Tracy Nelson - vocals, piano; Wayne Talbert - vocals, keyboards; Powell St. John - vocals, harmonica; Ira Main - organ; Jance Garfat - bass; Herbert Tjp,as - guitar; George Rains - drums
Here we have a rare glimpse at the pre-first album lineup of Mother Earth, who performed between The Flamin' Groovies and headliners, Jefferson Airplane on this night. Recorded approximately a year before the release of Mother Earth's first album, this set allows one to hear them in their formative stages. Many of these songs never appeared on their albums, but the elements of blues, rock and gospel are already firmly entrenched in the group's sound. These sets clearly show that Mother Earth was one of the most diverse sounding Bay Area bands in 1967, playing with a tinge of psychedelia, but achieving an earthier, more authentically bluesy sound than many of their contemporaries.
This final set from the three-night run features a wide range of material, beginning with the funky rocker "Turn Your Truck Around" and continuing with the jazzy blues of Mose Allison's "I'm Not Talkin'." Though certainly not the focal point at this early stage of the band, some of the most enjoyable songs are those featuring the young Tracy Nelson on lead vocals - an artist who, despite her age, had a wealth of experience, having already worked with and learned from Charlie Musselwhite, Muddy Waters, Howlin' Wolf and Otis Span.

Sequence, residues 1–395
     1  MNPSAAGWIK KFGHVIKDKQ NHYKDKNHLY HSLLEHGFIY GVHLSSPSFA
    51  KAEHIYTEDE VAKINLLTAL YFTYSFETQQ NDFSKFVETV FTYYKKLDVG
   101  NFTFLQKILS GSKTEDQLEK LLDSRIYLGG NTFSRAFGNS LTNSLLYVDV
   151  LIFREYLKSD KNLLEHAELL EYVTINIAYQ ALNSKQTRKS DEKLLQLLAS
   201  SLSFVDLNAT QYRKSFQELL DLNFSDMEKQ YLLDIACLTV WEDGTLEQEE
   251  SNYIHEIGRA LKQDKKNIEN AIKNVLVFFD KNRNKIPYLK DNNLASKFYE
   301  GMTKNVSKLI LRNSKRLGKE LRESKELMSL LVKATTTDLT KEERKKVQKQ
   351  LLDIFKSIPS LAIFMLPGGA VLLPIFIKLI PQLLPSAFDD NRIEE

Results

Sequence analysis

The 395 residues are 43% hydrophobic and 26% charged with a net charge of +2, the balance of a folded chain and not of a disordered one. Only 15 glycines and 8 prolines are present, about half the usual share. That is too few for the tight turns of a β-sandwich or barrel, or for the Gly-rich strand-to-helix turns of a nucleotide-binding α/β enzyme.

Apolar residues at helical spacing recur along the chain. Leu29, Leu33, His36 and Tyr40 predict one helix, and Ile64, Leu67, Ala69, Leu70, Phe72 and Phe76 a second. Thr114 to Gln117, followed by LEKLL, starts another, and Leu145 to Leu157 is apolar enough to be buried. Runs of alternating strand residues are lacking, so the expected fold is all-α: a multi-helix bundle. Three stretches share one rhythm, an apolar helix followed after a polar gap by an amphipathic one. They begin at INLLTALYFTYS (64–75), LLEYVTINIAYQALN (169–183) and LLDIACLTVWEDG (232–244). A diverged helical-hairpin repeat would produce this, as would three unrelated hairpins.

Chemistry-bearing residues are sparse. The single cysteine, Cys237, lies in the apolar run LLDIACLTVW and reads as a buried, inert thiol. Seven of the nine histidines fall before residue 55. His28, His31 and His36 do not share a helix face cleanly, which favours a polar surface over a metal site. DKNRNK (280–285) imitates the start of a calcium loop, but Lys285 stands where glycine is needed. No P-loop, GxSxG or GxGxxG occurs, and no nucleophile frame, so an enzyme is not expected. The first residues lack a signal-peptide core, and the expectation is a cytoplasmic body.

The epitome of the little girl with a big voice, Nelson belts out her lead vocal numbers with a raw authenticity. Check out "Cry On," a song that made it on the band's first album, and the set closing "Help Me Jesus," which is even better than the previous night. The gospel quality that was inherent to Nelson's voice gave Mother Earth a certain uniqueness among the Bay Area bands, and overtly shapes the sound on both of these numbers.
This set also includes "Stepping Stone," which overtly aims at psychedelia with melodramatic lyrics alluding to Spiderman and superheroes. This certainly sounds dated but is redeemed by a strange, intriguing instrumental coda toward the end.
The bluesy rocker "Stranger In My Own Hometown," featuring vocals by Powell St. John, is another highlight of the set. This song was one of the band's earliest recordings, featured on the Revolution movie soundtrack. Like many songs from 1967, it addressed Andrew's alienation from his Texas hometown. In true San Francisco style, it's not a bitter song and ultimately celebrates the freedom and acceptance many musicians were experiencing in San Francisco during that Summer of Love.
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